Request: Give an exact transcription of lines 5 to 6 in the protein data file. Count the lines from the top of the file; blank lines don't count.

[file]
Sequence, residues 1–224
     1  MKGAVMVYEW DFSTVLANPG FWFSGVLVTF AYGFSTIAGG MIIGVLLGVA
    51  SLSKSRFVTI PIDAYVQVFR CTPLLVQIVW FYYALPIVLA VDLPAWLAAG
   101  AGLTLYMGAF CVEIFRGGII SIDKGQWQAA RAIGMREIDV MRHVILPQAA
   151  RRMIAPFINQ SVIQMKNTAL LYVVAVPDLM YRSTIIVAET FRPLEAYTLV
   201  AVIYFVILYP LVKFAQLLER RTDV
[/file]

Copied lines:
   151  RRMIAPFINQ SVIQMKNTAL LYVVAVPDLM YRSTIIVAET FRPLEAYTLV
   201  AVIYFVILYP LVKFAQLLER RTDV